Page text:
I forfeited a dual meet to our rival and it was the most important meet of the year and it was my brother’s team, actually. It was very intense, and we had some kids do some bad stuff, and they did it outside, they did it on their own and we found out about it right before the meet. We had a team meeting about it, 95% of the kids had no clue what was going on and I said, we’re forfeiting this meet. We’re going to lose out on our undefeated at season.
The kids were very upset and the parents were upset. I tried to explain to them, look, the team stuff doesn’t just work when you do good things. You’re accountable for everything. If they did this, they affect the team and if you don’t like it, then you make sure this stuff doesn’t happen again. So, we did that. That was a team thing. And I did get back-slashed by some parents who were very upset and I got a half an hour tongue lashing from a parent, how it was unfair to his son because I took that last meet away from him. I tried to explain my position but in the long run, it was the right thing to do and it was best for the program, and we left 3 kids in a hotel in New York City which doesn’t sound safe. But our thing is we leave. If we’re going to go, we go. Kids need to learn lessons.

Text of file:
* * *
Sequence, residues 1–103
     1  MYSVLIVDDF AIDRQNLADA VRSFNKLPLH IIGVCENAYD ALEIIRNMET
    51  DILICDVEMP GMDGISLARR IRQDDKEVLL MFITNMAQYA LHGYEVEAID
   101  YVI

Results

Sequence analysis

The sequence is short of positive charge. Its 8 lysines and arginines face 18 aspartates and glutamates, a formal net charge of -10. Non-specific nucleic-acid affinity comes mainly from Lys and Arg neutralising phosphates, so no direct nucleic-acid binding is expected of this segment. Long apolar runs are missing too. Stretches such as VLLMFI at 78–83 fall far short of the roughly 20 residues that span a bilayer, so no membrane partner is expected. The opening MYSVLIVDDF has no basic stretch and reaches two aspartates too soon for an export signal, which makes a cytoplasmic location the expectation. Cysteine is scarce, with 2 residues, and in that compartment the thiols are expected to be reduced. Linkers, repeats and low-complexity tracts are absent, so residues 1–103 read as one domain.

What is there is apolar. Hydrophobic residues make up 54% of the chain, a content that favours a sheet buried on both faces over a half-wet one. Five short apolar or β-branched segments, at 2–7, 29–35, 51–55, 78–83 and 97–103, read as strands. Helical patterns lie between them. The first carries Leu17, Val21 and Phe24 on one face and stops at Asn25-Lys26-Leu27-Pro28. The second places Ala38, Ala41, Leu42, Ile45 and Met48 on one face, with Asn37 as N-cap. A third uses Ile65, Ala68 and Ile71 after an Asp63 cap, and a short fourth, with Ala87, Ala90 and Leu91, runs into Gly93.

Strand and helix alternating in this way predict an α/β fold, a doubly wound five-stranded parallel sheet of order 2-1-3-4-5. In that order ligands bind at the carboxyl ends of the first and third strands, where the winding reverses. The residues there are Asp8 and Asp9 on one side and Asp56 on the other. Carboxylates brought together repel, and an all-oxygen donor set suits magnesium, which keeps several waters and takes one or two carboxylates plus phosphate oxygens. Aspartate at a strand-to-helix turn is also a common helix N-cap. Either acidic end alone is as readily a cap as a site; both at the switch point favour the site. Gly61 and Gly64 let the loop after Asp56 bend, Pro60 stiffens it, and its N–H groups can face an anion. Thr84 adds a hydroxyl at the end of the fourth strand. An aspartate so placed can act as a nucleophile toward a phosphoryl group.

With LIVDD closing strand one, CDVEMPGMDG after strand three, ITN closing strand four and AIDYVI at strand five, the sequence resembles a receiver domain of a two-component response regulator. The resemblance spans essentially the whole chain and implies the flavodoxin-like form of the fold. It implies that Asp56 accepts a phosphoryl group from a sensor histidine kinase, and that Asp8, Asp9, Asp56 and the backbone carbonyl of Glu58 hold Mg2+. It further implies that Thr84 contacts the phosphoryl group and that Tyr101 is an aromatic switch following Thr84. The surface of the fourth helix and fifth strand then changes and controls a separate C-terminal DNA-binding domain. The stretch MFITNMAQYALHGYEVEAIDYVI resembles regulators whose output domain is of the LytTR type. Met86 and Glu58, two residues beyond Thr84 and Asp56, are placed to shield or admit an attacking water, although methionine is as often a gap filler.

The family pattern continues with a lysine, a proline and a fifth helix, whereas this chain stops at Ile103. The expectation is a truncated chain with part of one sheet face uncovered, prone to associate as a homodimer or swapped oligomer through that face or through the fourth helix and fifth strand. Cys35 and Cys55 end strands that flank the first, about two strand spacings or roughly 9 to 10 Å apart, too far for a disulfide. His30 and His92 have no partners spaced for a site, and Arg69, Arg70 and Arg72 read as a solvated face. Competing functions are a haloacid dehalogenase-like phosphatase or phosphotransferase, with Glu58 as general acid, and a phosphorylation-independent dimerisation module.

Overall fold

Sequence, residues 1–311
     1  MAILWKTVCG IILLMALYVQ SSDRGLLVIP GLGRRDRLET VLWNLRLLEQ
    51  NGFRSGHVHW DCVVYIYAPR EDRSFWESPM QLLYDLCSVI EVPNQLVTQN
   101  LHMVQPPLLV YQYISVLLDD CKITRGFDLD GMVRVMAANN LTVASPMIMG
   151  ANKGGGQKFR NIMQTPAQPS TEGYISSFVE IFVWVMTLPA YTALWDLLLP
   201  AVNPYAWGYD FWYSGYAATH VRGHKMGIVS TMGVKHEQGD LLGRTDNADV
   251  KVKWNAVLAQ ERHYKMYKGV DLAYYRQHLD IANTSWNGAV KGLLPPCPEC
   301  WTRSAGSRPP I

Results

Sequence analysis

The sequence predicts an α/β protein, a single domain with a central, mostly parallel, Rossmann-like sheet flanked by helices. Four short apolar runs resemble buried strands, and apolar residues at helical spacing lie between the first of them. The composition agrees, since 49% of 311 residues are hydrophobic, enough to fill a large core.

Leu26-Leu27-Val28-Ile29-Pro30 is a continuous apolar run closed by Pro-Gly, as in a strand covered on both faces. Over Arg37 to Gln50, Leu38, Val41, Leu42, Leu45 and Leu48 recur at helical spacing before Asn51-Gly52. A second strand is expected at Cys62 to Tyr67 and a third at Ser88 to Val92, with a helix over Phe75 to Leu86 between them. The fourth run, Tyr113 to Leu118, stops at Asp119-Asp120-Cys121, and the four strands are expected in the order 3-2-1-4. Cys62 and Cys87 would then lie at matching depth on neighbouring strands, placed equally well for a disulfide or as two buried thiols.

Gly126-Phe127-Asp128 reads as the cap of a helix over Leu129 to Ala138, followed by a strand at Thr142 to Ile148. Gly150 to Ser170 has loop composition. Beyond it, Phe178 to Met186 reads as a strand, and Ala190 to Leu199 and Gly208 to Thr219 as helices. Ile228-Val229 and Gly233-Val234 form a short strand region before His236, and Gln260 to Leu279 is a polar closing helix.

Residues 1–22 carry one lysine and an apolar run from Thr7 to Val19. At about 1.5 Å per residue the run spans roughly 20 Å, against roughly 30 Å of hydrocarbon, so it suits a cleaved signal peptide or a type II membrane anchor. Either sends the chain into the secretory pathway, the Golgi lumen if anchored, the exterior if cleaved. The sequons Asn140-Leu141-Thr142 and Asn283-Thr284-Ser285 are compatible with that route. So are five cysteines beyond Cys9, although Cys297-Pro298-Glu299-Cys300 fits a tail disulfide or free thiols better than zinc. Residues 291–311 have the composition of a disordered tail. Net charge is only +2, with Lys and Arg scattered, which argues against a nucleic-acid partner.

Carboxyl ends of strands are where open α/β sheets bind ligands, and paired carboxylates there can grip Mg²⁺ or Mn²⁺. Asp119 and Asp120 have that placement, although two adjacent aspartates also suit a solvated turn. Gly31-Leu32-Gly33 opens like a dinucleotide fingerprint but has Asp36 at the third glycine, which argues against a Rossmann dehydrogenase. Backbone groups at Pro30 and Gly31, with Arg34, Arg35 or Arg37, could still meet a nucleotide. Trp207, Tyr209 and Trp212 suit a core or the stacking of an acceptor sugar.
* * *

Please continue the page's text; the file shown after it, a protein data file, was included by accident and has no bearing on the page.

So these 3 girls, older girls that generally were not responsible, they were 5 minutes late. They had parents as chaperones, I said we’re leaving. I said we’re leaving, we’re going and we left and they finally came down and they called and the mom went back and got them about 8:30 or 8:45 but I made my point. And the funny story about the hot pocket is, which it doesn’t always have to be mean, but when we travel on a chartered bus, we go right away. The kids know that and they are on time or early, and if I walked out on time, I’m later than the kids are.
We get on the bus, is everybody here, is everybody here? We’re in the middle of a big parking lot and one of the kids say, “Tyler is not here.” I said, “Who’s in Tyler’s room?” These couple kids raise their hand and I said, “Did you walk out? Did you see him? How do you leave without him?” And they said, “Well he was busy,” and I said, “Busy doing what? He knows you’re leaving and you’re on time. He was heating up a hot pocket. And I said, “You’re telling me that he’s heating up a hot pocket and he’s going to make the entire team late?” And they said, “Yeah that’s what he’s doing.”